The thing I disagree with (and why I chimed in at all) are the strange metrics that seem to get applied from time to time. Above it was said that scientists drop in and act like they know what they are talking about, but we never see them growing sensitive plants. Why should it be assumed that was ever their intention? The was another thread (that got locked) where someone was told that they don't know much about lighting because that person doesn't aquascape particularly well. I don't get it and don't think these non sequitur metrics of success are helpful.


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post #42 of 112 (permalink) Old 05-20-2020, 07:17 PM Thread Starter
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Originally Posted by Bunsen Honeydew View Post
I understand the point, I am just disagreeing with it. From my perspective, there is a pretty clear distinction between conducting science and enjoying a hobby that involves scientific topics. I make that distinction because I am much more interested in the hobby for the latter rather than the former. Not because I want to denigrate the hobby or those in it. I love this hobby, please don't take this as a knock. Perhaps what I am saying would be more palatable as the hobby is more of an observational science than an experimental one? We can agree to disagree on this, but I don't want anyone to think that I meant anything negative to this hobby or it's hobbyists. I just happen to think that those rigors that are not in place in the hobby make a world of difference.

The thing I disagree with (and why I chimed in at all) are the strange metrics that seem to get applied from time to time. Above it was said that scientists drop in and act like they know what they are talking about, but we never see them growing sensitive plants. Why should it be assumed that was ever their intention? The was another thread (that got locked) where someone was told that they don't know much about lighting because that person doesn't aquascape particularly well. I don't get it and don't think these non sequitur metrics of success are helpful.


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I like what you said here. I think that phrasing is definitely more palatable. I am not sure that we disagree much at all really because I was never trying to make the point that the hobby is an experimental science.

I agree completely that some metrics that get applied don't make sense. I was equally troubled by the metric of choosing to grow sensitive plants vs non-sensitive plants. Having healthy sensitive plants is a testament to the skill of the aquarist but not having sensitive plants is not a testament to someone's lack of skill.

Personally, I have grown sensitive plants in many tanks many a time. I do not, however, currently have any sensitive plants and I don't feel that my enjoyment of the hobby is any more lacking for it. There are also a great deal of incompatibilities in this hobby. There are many fish that cannot tolerate large pH swings caused high levels of CO2 that are a necessity for some plants. Additionally some fish require water parameters that are just not good at growing plants, high pH and hard water for example. This is a planted tank forum though so I think, to a degree, it is to be expected that the focus is on the plants.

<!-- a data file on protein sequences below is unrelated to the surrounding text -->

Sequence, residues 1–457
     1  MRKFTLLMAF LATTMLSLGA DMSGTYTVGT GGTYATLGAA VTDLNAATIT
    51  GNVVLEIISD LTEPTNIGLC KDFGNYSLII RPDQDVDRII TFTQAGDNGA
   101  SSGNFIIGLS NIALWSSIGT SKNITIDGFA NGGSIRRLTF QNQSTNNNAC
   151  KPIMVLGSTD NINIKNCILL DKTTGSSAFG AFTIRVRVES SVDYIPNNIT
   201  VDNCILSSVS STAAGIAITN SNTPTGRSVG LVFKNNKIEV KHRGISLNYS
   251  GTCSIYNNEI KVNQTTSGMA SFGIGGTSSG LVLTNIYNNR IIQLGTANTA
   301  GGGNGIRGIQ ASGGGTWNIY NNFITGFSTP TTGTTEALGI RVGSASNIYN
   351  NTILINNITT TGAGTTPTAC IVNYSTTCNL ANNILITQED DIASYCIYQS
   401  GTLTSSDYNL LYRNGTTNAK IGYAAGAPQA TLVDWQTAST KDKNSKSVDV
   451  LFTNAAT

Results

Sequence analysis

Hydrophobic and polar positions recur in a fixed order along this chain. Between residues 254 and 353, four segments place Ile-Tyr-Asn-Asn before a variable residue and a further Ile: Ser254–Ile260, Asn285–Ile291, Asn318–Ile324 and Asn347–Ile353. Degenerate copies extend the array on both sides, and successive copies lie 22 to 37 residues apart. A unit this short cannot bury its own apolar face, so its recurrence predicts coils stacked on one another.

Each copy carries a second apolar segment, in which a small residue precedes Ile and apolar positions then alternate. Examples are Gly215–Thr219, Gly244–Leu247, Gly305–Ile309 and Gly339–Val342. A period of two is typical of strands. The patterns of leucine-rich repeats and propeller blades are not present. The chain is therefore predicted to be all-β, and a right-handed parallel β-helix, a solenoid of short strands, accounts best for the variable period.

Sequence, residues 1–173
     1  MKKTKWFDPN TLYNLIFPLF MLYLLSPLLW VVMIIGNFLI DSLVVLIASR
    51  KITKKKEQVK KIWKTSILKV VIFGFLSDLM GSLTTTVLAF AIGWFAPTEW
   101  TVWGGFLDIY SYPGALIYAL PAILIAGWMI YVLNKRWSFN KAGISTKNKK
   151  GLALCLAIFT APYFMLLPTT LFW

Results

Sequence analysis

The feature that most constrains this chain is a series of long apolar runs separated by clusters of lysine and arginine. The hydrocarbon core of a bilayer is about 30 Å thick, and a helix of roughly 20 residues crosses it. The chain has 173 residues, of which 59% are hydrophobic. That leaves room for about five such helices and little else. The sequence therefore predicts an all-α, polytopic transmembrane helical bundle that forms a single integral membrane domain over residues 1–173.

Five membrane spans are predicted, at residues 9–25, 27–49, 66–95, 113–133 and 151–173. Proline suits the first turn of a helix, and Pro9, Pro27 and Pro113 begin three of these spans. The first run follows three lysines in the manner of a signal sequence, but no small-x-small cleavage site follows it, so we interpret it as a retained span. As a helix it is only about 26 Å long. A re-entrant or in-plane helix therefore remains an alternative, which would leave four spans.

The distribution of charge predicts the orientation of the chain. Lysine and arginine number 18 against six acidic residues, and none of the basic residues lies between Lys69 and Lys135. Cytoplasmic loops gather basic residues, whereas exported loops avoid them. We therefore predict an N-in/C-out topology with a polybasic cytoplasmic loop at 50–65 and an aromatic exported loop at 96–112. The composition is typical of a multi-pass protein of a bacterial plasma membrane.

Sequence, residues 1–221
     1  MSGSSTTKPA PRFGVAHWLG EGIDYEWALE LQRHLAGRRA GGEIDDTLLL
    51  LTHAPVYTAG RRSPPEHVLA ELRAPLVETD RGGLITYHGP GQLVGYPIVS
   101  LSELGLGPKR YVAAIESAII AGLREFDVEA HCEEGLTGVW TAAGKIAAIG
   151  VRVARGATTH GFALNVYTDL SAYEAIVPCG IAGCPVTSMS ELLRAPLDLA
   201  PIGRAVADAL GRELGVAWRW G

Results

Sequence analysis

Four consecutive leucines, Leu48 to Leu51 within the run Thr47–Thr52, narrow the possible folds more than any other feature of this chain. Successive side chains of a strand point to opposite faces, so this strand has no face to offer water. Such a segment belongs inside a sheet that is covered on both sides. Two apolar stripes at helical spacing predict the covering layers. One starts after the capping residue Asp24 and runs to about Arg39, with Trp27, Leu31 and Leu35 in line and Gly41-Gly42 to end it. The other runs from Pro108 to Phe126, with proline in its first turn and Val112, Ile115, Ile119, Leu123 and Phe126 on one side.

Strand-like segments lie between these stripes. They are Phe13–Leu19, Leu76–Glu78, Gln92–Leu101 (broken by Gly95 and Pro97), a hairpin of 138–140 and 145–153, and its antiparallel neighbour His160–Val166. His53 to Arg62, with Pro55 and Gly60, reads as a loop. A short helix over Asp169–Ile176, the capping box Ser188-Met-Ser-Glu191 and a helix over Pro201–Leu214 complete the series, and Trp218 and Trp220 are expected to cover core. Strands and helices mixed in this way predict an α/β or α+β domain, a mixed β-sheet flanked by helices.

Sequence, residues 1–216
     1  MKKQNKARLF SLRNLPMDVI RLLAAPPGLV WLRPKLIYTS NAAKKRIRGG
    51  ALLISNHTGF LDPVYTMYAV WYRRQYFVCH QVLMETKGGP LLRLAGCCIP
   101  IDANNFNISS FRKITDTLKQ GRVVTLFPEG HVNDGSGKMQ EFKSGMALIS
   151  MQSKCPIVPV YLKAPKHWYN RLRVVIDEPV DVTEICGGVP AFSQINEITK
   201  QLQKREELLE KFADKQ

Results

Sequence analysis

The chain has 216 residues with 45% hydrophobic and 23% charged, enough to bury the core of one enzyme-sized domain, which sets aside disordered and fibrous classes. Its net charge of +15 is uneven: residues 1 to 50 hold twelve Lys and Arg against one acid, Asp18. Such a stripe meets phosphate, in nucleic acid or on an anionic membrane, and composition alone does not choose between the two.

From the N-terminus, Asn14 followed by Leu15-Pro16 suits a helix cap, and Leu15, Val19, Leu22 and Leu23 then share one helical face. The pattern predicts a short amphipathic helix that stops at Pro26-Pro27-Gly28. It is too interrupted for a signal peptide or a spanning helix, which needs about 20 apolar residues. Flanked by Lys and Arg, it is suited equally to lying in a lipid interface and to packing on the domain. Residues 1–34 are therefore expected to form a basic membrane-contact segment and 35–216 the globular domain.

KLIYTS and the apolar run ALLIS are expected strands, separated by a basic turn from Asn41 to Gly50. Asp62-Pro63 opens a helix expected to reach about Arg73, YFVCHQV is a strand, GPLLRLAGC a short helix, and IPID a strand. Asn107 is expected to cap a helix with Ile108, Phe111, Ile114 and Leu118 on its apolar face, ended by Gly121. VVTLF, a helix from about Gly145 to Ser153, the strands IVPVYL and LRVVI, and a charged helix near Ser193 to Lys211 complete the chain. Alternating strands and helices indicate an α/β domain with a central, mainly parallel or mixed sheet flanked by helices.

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post #43 of 112 (permalink) Old 05-20-2020, 07:29 PM
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Above it was said that scientists drop in and act like they know what they are talking about, but we never see them growing sensitive plants.
I didnt say scientists. I said people with a chemistry background. It may have come across like I was saying that's how chemists or scientists are in general. I did not mean it that way at all.

I only meant that people who tend to chime the loudest in and tell everyone else they are wrong about ferts usually throw out a bunch of chemistry talk and lean on it to back up their claims. Anyone who's been around this place for very long knows the type Im talking about. if not then they probably dont.

I meant no offense to all the scientists and chemists out there, I assure you.


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post #44 of 112 (permalink) Old 05-20-2020, 07:38 PM
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I like what you said here. I think that phrasing is definitely more palatable. I am not sure that we disagree much at all really because I was never trying to make the point that the hobby is an experimental science.

I agree completely that some metrics that get applied don't make sense. I was equally troubled by the metric of choosing to grow sensitive plants vs non-sensitive plants. Having healthy sensitive plants is a testament to the skill of the aquarist but not having sensitive plants is not a testament to someone's lack of skill.

Personally, I have grown sensitive plants in many tanks many a time. I do not, however, currently have any sensitive plants and I don't feel that my enjoyment of the hobby is any more lacking for it. There are also a great deal of incompatibilities in this hobby. There are many fish that cannot tolerate large pH swings caused high levels of CO2 that are a necessity for some plants. Additionally some fish require water parameters that are just not good at growing plants, high pH and hard water for example. This is a planted tank forum though so I think, to a degree, it is to be expected that the focus is on the plants.